In my last two posts, I have highlighted how in medieval days Mary was revered, not least because she was approachable. That’s important, I think. Women, as a rule, are seen as non-threatening as compared with even the best-intentioned men, by men but perhaps even more by women. It’s certainly true for me.
The idea of telling my sins to a man (especially when I was young) was a very frightening thing. Not so much Christ, of course, because He knew me better than I did anyway. But I wonder, and always will if Marian devotion had been available to me in those days if it might have made a difference. Not that I was any terrible ogre, mind, but I did things that even then I wasn’t proud of, and would have been embarrassed to tell my mom, so I wonder if knowing Mary then would have made a difference.
And now, as I start to draw near the end, Mary indeed provides me much comfort. Those of you who know me will know that I am divorced and without kids, and sadly see no possibility of that changing. And yes, Mary provides a comfort, nearly a companionship, that I find in no other way, anymore. She is the one I can talk about anything with. Strange how life works out isn’t it? But so it is.
But she is much more than that, of course. She is Theotokos, the Mother of God. And that is surely much more important than my little problems, but still, she finds time to tell me that she has talked to her Son about me and to comfort this old man, not that it is overt or anything, just a feeling.
But this very human and attractive side of Our Lady goes way back in our history. In our archives there is an article, bylined by Jessica (although I wonder, as it reads more as Chalcedon) speaking of The Protoevangelium of St. James
The Protoevangelium of St. James, which dates from the mid second century, belongs to that group of works which, whilst never canonical, was treasured by Christians for centuries because it filled in the gaps left by the Gospels. Nothing will shake my conviction that in St. Luke we have portions of the memoirs of Our Lady herself; where else could the Magnificat come from, or the story of the Annunciation. It thrills me to know that when I read these things, I am reading what the Blessed Virgin herself said; so I understand why it is early Christians wanted more.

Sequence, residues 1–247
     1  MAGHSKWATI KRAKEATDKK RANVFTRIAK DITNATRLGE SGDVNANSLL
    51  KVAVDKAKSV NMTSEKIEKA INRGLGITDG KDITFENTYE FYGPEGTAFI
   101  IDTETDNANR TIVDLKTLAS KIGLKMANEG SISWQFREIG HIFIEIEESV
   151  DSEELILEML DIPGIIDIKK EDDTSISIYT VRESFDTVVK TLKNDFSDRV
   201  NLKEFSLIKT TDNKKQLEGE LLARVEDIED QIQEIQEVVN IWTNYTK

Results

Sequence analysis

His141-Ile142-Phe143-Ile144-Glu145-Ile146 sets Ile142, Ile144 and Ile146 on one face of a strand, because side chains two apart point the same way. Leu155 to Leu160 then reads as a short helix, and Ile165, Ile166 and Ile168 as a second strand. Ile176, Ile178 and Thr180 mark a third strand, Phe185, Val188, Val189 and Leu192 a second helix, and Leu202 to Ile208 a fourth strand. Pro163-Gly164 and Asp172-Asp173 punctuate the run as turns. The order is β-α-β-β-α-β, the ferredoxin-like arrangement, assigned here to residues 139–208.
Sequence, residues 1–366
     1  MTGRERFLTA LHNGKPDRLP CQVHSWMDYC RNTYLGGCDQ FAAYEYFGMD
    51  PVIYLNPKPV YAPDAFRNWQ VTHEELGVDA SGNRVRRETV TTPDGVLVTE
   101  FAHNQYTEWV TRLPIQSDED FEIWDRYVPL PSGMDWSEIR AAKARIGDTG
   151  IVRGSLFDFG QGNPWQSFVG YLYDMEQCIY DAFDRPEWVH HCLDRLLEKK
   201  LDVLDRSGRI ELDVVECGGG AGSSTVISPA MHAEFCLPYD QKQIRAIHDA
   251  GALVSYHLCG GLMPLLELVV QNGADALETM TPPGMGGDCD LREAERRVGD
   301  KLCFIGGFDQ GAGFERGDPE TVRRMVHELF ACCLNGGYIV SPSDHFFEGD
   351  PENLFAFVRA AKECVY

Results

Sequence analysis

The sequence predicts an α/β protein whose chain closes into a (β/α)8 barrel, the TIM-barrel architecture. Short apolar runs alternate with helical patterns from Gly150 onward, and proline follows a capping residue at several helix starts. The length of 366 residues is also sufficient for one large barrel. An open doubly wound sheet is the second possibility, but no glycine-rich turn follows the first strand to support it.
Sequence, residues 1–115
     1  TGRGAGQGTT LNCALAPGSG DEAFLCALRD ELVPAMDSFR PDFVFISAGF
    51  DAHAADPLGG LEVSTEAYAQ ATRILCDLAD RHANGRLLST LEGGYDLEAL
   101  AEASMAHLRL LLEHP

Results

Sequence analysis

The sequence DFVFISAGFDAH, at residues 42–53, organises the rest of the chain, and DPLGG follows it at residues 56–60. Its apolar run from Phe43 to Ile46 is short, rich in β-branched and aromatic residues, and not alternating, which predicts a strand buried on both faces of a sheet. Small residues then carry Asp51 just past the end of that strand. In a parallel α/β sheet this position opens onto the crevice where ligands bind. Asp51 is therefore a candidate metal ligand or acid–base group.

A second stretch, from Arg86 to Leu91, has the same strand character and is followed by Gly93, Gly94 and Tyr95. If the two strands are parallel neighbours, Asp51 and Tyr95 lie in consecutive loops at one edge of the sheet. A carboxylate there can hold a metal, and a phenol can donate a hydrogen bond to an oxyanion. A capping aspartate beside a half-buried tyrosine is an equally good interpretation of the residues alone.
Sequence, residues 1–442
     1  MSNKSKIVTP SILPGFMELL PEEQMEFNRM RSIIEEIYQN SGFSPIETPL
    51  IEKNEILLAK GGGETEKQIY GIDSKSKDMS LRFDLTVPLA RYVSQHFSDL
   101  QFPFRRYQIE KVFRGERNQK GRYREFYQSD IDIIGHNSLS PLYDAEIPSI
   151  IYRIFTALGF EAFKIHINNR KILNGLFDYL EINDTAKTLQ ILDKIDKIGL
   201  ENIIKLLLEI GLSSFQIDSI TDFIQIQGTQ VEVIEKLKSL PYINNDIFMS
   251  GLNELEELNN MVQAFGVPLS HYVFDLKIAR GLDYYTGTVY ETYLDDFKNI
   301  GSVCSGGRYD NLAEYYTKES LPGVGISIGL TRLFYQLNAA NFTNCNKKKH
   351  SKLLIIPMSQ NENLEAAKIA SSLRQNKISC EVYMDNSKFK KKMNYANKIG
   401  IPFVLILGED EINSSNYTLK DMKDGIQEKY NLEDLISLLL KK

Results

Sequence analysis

The Protoevangelium filled the gap admirably. It described the circumstances of Our Lady’s birth, and how at the age of three she was brought by her parents to the Temple. It contains one of my favourite accounts of Our Lady. When she came to the Temple she was given to the High Priest who
set her down upon the third step of the altar, and the Lord God sent grace upon her; and she danced with her feet, and all the house of Israel loved her
How adorable is that?
Here is where those charming legends that we looked in my article on Lady Day in Harvest got their start. In the 2d century, well before the Scripture was canonized. We have always venerated Mary, she is one of the things that sets Christians apart. It is our kinder gentler side and something that is lacking in most religions which tend to be ‘by the book’ and the book alone. She introduces mercy into the whole thing, and yes, it shown forth in her Son as well. But it is, I think, one of the singularities that divide the Second Covenant from the First.